The strange beauty of Sochi
Like Disneyland for the Winter Olympics
At first blush, it’s Disneyland for the Olympics.
Sochi by the sea, or the Coastal Cluster of venues as they refer to it, is one giant-sized, high-performance park with the finest indoor sports facilities one could imagine. There are myriad ice rinks for curling, hockey, speed skating and figure skating that could take the Winter Games to a new level.
But there is an unreal, almost artificial quality about the place.
There are roller coasters and ferris wheels which make the whole setting reminiscent of an amusement park, or the midway at the Canadian National Exhibition in Toronto.
There’s even a majestic palace which looks remarkably like Snow White's castle. Once it’s lit up in the evening it becomes a beacon in the centre of this wonderland, but upon further examination you find there’s nothing inside.
It’s a façade, and yet it makes a statement.
If nothing else, first impressions of this Olympic host city amount to amazement.
In the mountains, which are less than an hour away, there are cool temperatures and wondrous vistas. The Nordic and alpine venues are picturesque — even breathtaking — and they are already humming with activity. The concerns that there will be a lack of snow are, so far, misguided, because the tracks and ski runs are flush with the white stuff.
It is literally like a winter wonderland.
Seeing is believing
The other day at noon, I found myself recording on-camera segments for the opening of our Olympic coverage on Thursday. Behind me, the magnificent cross-country athletes powered their way through the forested trails racing by trees laden with fresh snow.
By 1:30 pm, I had donned my shorts and was running on the coast of the Black Sea as the breakers rushed to the shore. I chugged along the vast seawall lined by palm trees adjacent to the incredible egg-shaped dome of Fisht Stadium, where the opening ceremony will gather 3,000 Olympians and their followers in just a couple of days.
I was stopped by two guys who turned out to be an NBC production team from Alaska. They’re here to follow seven members of Team USA who hail from the country’s northernmost state. In particular, cross-country skiing’s Kikkan Randall could win a couple of gold medals, and therefore ascend to superstar status back in Anchorage.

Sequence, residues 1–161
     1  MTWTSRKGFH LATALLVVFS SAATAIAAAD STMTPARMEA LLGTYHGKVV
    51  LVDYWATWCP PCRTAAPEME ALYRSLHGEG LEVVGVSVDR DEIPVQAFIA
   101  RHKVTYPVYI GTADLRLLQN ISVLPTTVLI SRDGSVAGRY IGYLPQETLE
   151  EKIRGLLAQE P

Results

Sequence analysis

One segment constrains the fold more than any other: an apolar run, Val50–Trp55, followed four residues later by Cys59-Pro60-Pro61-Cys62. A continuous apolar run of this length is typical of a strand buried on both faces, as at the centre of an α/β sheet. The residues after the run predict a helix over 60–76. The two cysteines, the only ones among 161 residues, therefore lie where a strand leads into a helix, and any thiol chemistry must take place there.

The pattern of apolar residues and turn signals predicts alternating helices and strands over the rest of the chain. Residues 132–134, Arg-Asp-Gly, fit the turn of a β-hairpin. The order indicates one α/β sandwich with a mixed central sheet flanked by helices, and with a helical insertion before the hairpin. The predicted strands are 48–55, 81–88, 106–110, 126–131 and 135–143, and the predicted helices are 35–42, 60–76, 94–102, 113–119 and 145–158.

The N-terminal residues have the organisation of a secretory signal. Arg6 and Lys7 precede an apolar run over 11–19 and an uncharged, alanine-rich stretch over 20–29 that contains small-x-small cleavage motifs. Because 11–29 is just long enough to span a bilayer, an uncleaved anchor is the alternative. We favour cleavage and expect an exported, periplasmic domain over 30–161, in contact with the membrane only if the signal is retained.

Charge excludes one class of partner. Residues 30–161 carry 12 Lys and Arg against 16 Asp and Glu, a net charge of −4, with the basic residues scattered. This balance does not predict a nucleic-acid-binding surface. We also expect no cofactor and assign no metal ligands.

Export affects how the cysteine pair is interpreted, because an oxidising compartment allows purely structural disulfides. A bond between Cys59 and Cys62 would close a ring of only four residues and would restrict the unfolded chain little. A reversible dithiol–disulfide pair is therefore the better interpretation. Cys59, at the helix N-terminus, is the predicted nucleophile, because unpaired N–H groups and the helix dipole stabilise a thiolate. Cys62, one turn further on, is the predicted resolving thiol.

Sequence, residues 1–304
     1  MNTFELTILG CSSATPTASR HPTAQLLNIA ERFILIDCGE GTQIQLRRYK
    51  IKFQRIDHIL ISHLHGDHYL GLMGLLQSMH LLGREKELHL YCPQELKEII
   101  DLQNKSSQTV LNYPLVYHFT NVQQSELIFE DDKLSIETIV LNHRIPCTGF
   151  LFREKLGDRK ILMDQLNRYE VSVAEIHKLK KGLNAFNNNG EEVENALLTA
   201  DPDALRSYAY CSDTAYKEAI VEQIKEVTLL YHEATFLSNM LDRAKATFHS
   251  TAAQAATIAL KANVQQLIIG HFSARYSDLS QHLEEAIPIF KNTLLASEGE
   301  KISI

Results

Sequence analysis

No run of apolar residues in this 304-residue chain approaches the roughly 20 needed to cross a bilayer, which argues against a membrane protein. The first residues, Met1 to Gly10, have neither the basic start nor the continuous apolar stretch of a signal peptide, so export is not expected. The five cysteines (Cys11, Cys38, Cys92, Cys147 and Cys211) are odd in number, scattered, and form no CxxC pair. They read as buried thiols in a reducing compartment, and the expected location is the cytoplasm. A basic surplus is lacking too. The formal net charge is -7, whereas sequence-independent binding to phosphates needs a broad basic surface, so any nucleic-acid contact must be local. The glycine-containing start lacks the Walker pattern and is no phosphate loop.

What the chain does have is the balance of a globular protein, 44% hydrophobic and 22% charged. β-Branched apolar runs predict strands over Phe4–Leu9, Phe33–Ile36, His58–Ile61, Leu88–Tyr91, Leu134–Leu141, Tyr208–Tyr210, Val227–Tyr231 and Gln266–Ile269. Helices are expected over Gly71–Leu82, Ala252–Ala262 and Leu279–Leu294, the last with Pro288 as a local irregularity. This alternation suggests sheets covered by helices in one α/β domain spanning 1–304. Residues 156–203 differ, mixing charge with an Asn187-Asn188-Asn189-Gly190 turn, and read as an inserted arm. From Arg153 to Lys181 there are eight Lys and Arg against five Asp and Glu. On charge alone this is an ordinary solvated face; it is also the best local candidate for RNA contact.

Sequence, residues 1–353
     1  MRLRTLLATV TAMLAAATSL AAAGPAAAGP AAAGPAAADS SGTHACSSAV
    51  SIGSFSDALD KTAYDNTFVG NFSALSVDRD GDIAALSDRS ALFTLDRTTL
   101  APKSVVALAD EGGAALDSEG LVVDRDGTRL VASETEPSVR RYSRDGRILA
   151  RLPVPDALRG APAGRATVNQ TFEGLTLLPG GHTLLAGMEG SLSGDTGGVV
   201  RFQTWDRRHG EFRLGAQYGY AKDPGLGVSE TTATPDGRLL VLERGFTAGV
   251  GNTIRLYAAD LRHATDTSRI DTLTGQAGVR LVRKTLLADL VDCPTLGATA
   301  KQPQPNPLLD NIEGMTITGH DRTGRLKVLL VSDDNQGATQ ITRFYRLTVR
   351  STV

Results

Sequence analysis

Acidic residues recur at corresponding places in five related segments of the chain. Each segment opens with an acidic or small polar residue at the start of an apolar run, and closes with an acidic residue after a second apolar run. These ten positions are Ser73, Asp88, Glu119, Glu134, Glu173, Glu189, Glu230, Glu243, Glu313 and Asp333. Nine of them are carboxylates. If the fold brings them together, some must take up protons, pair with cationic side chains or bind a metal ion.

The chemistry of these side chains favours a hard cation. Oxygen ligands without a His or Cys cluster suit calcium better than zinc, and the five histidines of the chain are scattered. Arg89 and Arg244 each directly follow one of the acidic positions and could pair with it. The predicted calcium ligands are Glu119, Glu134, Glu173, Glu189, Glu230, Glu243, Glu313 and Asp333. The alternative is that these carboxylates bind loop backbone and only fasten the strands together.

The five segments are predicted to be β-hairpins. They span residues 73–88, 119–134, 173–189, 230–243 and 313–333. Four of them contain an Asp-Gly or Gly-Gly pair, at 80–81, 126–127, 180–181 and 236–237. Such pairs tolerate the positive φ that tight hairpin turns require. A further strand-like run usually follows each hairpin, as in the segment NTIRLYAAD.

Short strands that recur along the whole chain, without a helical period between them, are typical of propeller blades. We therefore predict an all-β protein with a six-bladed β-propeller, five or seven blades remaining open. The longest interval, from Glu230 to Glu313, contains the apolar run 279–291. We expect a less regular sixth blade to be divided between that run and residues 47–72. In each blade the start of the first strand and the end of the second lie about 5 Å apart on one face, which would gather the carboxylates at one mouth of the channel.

The guy manning the camera was wearing Bermuda shorts and a tank top, part of an offbeat report about the “Russian Riviera” which lies on the threshold of the Olympic plaza.
“How do you feel about an Olympics where there’s no snow?” he asked. “It just seems kinda weird.”
At that point I pulled out my iPad, on which I’d been taking a multitude of pictures, and showed him the mountains where I’d been a short time ago.
His eyes widened and he shook his head in amazement.
“We gotta get up there soon,” he told his buddy. “We have to see it with our own eyes to believe it.”
As I continued on my run past the Bolshoy Ice Dome and the Shayba Arena, I couldn’t help ruminating about the unreal quality of all that I’ve experienced here so far. And I got to thinking that the guys from Alaska, like so many others, are understandably skeptical.
Based on what’s happened in the past, there is little explanation for Sochi.
True, 52 billion dollars and who knows what other sorcery have made all this magic happen in the south of Russia, where the climate is akin to the south of France. Then again, it is happening, we are here, and the action is about to begin.
There is a storybook fantasy somewhere out there for the writing.
But let’s hope when the athletes take the stage they find that there’s something behind the façade of Sochi, that these fields of play for these Olympic Winter Games are much more than just strangely beautiful, and rather places to shine which have a soul inside.